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Annual Texian Golf Classic Monday, November 21, 2011 Sweetwater Country Club Join us as Fort Bend’s finest golfers teeoff in the most hotly-contested competition of the year. The Texian Golf Classic honors Fort Bend County leadership and benefits the educational programs of the Fort Bend County Museum Association. For more information, contact: Fort Bend County Museum Association P.O. Box 460 Richmond, TX 77406-0460 Phone (281)342-1256/Fax (281)3423782 The Texian Golf Classic benefits the educational programs of the Fort Bend County Museum Association, a 501(c)(3) non-profit corporation. Candlelight Tours: December 2 & 3, 2011 Come start the Christmas season at the beautifully-decorated historic John M. Moore Home! This year’s theme is “Christmas at the White House” Complimentary cookies and wassail will be served on the porch and Santa will make a surprise visit! Tickets are $5 for adults, $4 for seniors and $3 for children. Also, browse the selection of hand-made gift items at the “Candlelight Corner.” The Docents are currently selling raffle tickets for their annual “Candlelight Tours” Christmas raffle. More than a dozen prizes are up for grabs. All proceeds from the Candlelight Tours and raffle will benefit the educational programs of the Fort Bend Museum. To inquire about joining the Docent society or volunteering for the Fort Bend Museum, contact Claire Rogers at (281) 342-6478. www.fortbendmuseum.com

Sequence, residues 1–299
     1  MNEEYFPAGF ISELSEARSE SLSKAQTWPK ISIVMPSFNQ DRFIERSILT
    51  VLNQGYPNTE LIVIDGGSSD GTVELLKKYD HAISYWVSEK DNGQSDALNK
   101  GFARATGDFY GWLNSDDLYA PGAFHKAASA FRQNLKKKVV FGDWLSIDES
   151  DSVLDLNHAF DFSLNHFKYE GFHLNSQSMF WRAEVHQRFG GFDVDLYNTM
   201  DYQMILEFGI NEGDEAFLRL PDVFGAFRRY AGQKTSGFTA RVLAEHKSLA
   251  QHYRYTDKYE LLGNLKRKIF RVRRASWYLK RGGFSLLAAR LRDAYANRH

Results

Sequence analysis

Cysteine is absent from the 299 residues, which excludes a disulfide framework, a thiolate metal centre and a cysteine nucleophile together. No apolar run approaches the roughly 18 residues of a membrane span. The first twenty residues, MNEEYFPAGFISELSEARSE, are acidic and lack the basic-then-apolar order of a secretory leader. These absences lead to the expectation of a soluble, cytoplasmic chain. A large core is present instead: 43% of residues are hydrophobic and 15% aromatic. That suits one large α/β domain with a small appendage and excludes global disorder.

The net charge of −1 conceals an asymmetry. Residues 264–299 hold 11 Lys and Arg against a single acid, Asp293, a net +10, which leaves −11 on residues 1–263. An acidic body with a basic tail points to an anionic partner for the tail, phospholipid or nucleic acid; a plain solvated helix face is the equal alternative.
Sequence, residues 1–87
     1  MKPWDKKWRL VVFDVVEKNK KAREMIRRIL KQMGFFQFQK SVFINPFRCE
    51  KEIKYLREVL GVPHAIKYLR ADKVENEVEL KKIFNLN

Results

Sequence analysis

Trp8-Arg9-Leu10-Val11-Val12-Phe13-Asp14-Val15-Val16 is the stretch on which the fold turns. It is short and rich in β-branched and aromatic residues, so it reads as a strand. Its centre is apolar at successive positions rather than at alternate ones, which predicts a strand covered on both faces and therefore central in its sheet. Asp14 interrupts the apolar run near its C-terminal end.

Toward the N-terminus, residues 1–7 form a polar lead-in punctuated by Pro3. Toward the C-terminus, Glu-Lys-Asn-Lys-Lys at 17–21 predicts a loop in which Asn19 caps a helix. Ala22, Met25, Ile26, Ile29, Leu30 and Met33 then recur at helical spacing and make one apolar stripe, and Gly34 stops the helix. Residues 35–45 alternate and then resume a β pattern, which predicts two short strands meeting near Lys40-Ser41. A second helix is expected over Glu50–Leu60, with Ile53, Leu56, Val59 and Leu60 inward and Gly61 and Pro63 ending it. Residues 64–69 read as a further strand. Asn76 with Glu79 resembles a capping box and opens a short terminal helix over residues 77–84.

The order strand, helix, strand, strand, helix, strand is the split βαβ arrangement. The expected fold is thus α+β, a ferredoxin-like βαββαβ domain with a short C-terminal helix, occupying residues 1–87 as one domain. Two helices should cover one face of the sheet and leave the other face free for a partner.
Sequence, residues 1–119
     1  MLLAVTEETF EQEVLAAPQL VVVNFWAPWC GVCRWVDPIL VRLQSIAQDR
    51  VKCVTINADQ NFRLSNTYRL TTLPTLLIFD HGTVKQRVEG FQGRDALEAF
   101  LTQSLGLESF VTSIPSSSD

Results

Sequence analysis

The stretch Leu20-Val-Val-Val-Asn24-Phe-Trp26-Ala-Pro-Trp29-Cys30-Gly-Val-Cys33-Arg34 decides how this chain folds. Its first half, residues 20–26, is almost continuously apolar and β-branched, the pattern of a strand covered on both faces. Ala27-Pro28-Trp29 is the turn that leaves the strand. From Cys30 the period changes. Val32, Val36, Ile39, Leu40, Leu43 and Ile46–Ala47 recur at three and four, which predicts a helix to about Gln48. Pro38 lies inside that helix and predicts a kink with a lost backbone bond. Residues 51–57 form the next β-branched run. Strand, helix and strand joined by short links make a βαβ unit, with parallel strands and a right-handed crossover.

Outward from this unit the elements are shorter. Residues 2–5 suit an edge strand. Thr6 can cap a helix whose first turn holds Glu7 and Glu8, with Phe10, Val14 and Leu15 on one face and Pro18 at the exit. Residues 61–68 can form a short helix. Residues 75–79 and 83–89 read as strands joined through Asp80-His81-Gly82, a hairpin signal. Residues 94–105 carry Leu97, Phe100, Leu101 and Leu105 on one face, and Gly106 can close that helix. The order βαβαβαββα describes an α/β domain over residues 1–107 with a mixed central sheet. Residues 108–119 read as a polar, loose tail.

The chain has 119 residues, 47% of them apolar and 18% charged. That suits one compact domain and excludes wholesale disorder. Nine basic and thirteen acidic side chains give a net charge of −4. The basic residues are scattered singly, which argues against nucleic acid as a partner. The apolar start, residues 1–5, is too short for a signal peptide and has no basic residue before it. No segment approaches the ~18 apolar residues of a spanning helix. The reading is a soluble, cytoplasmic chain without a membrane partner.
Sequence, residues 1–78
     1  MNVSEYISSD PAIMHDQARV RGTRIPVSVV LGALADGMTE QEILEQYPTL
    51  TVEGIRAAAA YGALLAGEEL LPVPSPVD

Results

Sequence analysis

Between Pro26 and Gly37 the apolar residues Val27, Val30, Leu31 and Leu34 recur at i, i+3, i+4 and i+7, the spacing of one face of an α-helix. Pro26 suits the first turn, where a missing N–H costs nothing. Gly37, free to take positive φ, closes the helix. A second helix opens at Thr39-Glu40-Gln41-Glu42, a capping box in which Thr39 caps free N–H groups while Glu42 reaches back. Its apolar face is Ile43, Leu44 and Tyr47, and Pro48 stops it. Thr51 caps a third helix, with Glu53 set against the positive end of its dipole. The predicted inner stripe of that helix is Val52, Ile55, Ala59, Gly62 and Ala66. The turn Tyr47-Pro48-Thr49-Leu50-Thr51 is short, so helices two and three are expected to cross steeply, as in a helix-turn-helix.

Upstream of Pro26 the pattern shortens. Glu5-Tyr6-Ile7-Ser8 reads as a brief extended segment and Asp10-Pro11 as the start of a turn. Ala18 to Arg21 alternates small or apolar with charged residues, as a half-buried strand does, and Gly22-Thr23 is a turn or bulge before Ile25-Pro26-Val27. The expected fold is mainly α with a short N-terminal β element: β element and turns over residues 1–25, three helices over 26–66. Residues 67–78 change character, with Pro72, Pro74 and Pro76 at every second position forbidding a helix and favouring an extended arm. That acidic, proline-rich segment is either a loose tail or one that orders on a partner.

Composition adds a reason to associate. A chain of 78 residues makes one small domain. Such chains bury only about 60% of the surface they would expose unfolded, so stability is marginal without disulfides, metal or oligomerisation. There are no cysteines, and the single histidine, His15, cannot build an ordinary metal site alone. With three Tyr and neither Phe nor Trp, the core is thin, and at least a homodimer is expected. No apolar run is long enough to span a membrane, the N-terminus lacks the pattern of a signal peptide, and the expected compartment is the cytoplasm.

2012 • Sugar Land Newcomer Guide and Visitor Directory

Tales of Texas February 24, 2012 Date TBD The Fort Bend County Museum Association is offering a one-of-a-kind field trip opportunity for grades 2-5, with curriculum that celebrates our unique, independent Texas spirit. Programs focus on Texas colonization and independence, the stories behind many Texas icons, and what it means to be a citizen of this great state. Capacity will be limited to retain an effective ratio of demonstrators to students. Book early, as these days will sell out quickly! Tales of Texas is a cooperative program between the George Ranch Historical Park, the Fort Bend Museum, and the Texian Time Machine. Festival Hours: 9:00 am to 2:00 pm Admission: $5 per student Contact Claire Rogers at 281.342.6478 or e-mail educator@fortbendmuseum.org for more information. Campfire Christmas: December 9,10,16 and 17, 2011 Join us for this historic holiday celebration! Enjoy a progressive Christmas dinner, music, hay ride, exclusive evening tours of the 1890s Davis Victorian Mansion and 1930s George Ranch Home and finish up with dessert around the campfire with the